And it would not work for the rest of the UK - the Treasury advice is clear that the huge risks massively outweigh the modest benefits.

So it's not going to happen. The SNP need to level with the people of Scotland what the currency of an independent Scotland would be.

With no idea what currency to offer, the SNP economic plan is best described by the old gaelic phrase 'grot a dhith an tasdain' - a groat short of a shilling.

Looking beyond the referendum, there two risks to the wider UK.

Firstly, a majority Labour Government.

Put simply, the Labour party cannot be trusted to build a stronger economy on their own.

Labour are in denial when it comes to accepting responsibility for the economic meltdown during their term in office.

They are in denial when it comes to the recovery. Until they accept responsibility for the mess they made and show they have learned the lessons, the British people will not trust them again.

The second risk is a majority Conservative government.

Tories cannot be trusted to keep fairness at the heart of economic renewal.

And by pushing Britain into a game of chicken with our largest market in Europe, the Tories on their own couldn't be trusted with the economic recovery either.

Just look at the Liberal Democrat policies they try to take credit for.

The personal tax allowance increase,

The triple lock on pensions,

The increase in childcare support.

Talking about fairness is no substitute for delivering fairness.

Having the Liberal Democrats in Government anchors our country in the centre ground. A centre ground in which it can prosper.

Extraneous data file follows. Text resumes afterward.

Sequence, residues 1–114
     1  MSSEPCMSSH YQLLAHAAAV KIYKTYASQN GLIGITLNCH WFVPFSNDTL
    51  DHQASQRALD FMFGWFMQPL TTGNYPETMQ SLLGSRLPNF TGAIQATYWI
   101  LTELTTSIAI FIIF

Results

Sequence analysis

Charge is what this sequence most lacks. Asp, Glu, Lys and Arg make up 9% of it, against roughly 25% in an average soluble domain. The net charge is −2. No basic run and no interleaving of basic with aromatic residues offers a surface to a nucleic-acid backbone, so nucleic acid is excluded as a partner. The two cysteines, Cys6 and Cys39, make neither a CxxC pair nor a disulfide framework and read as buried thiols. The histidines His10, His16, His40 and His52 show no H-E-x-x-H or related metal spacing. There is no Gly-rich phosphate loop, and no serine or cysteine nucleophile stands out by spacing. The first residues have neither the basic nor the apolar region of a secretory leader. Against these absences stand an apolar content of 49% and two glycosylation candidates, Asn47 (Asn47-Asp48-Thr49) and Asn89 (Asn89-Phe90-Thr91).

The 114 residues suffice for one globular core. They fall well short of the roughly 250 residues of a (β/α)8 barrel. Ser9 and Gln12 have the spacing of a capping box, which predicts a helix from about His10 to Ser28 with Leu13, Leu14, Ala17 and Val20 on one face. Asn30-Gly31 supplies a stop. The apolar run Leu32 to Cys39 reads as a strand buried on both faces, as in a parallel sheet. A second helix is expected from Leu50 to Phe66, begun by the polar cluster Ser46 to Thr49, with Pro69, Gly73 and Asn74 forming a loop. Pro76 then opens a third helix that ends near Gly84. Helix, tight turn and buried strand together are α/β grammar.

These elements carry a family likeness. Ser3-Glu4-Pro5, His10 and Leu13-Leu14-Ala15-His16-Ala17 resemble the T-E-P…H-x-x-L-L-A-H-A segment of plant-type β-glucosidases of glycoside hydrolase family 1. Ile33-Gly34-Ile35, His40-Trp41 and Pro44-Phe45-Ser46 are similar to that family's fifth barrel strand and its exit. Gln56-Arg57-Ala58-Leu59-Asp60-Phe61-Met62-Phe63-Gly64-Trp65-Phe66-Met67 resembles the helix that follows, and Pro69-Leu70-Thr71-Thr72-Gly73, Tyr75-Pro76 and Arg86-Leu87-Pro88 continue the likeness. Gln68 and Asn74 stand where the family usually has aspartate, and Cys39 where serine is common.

Our message Scotland and to the UK is this - Britain's interests are better served with Liberal Democrats in Government.

Conference, history is the never-ending story of the battle of 'isms'. Of imperialism, nationalism, capitalism, socialism, conservatism to list but a few.

My contention is that our time is marked by the divide between the forces that promote being apart - nationalism - and the forces that promote the advantages of being together.

Fellow Liberal Democrats, the values of liberalism are timeless.

Seeing the best in others, not the worst.

Seeing the common interest, not the self interest.

Looking forward to a progressive future, not a divisive past

We've played our full part in the rescue of the Scottish economy within the UK economy.

We are championing the cause that our family of nations is Better Together.

We are championing the cause of protecting the millions of UK and Scottish jobs that depend on Europe.

In councils, in Holyrood, in Westminster, in Brussels.

I've never been prouder to be a Scot and a Highlander.

I've never been prouder to be a Liberal Democrat.

So should you be.

We Liberal Democrats have a track record behind us and enormous opportunities ahead of us.

Scotland has a track record behind it and enormous opportunities ahead of it as part of a renewed United Kingdom.

So, let's tell our story.

Let's fight for unity and for that stronger economy and fairer society that Scotland and Britain deserve.